INSKEEP: Well, this is a time when Iran has a president, Mahmoud Ahmadinejad, who is being criticized at home and abroad. Iran's economy is bad. Inflation is among the highest in the world - as high as 28 percent. The government says it's being pulled down a bit, but it's still quite high. And at the same time, oil prices, which are a key part of the economy for this oil-producing country, are way down. And suddenly, Iran is being forced to discuss cutting back the subsidies that help people pay for things like food and fuel. And as a result of all of this, some people are reevaluating where Iran goes next.

But it's also a moment of great interest, Scott, because of course, there's a new administration in Washington and talk of possibly some new relationship with the United States.

SIMON: And does the Iranian government still have that hold on people we hear in those chants?

INSKEEP: Formally, yes. The government definitely holds all levers of power. They can arrest people who oppose them, and they often do. They jail journalists. They've closed opposition newspapers. But it's difficult, Scott. I was talking this past week with an analyst who said, Iranians are by no standards the people they were 30 years ago. The population is bigger, it's younger, it's better educated, too, and demanding a lot. And that might be symbolized by the coffee shop where I met this person.

There was a sign on the door saying women would not be served unless they were wearing traditional Islamic dress, and there was even a diagram, but inside, women were being served even though they had stretched the rules, stretched the requirement as much as they possibly could.

SIMON: NPR's Steve Inskeep in Tehran. Thanks so much.

INSKEEP: Glad to do it, Scott.

SIMON: Steve will report from Tehran over the next week on Iran 30 years after its revolution. Tomorrow on Weekend Edition Sunday, we'll listen to the voices of Iranian women. They've been the agents of change but are also targets of persecution.

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Iran Offers Cool Response To Obama's Overtures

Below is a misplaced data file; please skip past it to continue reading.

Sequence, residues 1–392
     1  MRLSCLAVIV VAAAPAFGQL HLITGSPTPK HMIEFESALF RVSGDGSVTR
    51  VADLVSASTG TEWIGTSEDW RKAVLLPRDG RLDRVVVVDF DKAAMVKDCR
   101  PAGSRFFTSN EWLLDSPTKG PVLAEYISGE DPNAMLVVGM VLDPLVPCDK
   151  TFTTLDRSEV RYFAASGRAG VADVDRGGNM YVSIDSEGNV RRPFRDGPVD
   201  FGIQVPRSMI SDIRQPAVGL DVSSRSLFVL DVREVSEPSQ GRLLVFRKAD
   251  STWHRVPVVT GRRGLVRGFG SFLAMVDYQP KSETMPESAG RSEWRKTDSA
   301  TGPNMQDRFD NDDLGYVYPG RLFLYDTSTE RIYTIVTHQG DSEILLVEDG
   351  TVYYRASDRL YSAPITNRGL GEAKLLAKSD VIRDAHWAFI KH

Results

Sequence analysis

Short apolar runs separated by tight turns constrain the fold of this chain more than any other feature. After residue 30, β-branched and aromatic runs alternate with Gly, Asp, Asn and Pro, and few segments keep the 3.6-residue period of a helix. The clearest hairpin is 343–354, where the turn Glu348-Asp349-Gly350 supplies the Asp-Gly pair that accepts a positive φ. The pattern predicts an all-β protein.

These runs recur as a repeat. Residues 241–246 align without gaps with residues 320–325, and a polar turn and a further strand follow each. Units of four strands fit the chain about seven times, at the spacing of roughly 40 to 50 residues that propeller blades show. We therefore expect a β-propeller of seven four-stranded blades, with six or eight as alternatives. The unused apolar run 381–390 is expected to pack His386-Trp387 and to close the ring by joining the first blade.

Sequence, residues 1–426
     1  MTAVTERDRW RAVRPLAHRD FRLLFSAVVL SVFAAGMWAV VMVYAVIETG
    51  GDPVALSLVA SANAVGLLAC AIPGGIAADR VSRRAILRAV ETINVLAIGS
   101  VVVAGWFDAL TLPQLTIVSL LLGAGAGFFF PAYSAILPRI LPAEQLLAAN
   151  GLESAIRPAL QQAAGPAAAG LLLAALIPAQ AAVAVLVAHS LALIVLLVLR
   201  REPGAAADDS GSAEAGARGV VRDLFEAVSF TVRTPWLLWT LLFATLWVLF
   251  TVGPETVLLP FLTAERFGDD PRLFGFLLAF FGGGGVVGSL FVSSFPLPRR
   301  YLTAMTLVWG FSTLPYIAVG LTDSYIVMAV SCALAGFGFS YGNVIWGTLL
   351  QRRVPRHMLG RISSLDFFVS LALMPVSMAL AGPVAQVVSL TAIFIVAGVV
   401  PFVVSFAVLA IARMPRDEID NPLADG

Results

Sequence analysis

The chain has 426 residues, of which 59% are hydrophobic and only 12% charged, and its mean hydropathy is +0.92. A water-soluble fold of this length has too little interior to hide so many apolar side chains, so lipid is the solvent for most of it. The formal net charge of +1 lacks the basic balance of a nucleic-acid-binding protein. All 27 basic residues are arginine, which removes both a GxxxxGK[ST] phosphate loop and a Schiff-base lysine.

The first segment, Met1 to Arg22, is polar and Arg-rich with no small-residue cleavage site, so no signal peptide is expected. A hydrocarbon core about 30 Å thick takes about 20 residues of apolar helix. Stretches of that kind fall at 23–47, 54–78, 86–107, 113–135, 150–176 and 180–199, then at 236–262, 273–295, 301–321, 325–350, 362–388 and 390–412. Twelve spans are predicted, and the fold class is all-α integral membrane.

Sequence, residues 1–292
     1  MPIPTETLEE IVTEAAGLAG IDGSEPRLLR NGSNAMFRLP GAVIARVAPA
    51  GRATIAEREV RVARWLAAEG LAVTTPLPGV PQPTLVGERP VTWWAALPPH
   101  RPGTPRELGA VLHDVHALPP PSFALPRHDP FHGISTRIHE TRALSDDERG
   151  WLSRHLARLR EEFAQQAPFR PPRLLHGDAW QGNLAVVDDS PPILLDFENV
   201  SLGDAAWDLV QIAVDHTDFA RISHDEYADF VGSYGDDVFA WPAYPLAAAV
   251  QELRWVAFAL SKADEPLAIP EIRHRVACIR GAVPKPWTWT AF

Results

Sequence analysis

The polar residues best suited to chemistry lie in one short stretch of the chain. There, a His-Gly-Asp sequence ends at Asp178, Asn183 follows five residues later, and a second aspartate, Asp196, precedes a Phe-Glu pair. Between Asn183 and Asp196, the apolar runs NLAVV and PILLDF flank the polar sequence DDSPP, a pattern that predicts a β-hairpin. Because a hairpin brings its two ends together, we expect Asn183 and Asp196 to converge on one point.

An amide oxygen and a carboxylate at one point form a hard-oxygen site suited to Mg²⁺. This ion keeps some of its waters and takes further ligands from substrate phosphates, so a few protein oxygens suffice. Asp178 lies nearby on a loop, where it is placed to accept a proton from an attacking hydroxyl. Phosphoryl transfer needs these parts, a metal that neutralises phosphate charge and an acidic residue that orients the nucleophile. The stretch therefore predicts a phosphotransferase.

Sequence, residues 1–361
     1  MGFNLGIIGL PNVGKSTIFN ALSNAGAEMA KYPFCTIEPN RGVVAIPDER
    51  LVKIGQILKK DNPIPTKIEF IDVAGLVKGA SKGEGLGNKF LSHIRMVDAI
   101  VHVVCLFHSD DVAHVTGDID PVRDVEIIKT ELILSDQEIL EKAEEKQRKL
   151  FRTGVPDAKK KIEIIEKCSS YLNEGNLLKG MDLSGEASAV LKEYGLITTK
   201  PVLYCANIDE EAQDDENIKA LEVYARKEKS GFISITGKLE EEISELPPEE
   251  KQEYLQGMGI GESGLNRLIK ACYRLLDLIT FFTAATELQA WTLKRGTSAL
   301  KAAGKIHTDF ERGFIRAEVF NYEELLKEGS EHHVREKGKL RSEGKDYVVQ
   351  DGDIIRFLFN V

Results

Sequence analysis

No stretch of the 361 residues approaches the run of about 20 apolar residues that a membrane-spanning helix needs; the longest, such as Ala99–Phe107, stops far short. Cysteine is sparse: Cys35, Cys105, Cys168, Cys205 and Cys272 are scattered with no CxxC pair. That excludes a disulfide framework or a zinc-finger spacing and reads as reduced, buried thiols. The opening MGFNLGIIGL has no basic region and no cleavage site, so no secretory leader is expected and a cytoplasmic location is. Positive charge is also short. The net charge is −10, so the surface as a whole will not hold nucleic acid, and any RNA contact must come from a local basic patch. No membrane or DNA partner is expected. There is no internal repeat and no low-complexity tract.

Iran Offers Cool Response To Obama's Overtures

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During a speech Jan. 28 in Kermanshah, Iran, Iranian President Mahmoud Ahmadinejad said that U.S. President Barack Obama would have to do more than talk in order to improve contentiousness U.S.-Iran relations. Saman Aqvam/AP/ISNA hide caption

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Saman Aqvam/AP/ISNA

During a speech Jan. 28 in Kermanshah, Iran, Iranian President Mahmoud Ahmadinejad said that U.S. President Barack Obama would have to do more than talk in order to improve contentiousness U.S.-Iran relations.

Saman Aqvam/AP/ISNA

The United States and Iran already have begun a public dialogue about how to overcome the hostility that has marked their relations for 30 years.

Earlier this week, President Barack Obama said he would reach out a hand to Iran if it "unclenched its fist."

Iran's president wasn't impressed. In a nationally televised speech, Mahmoud Ahmadinejad indicated that the new American president would have to do more than talk to resolve the problems between the two nations.

Still, many Iranians hope their government will respond to the American overtures.

Since Obama's election, there has been uncertainty — if not outright confusion — among Iran's leaders about what to make of him and how to respond to his offers of more open dialogue. Until now.

Language Of Engagement Rebuffed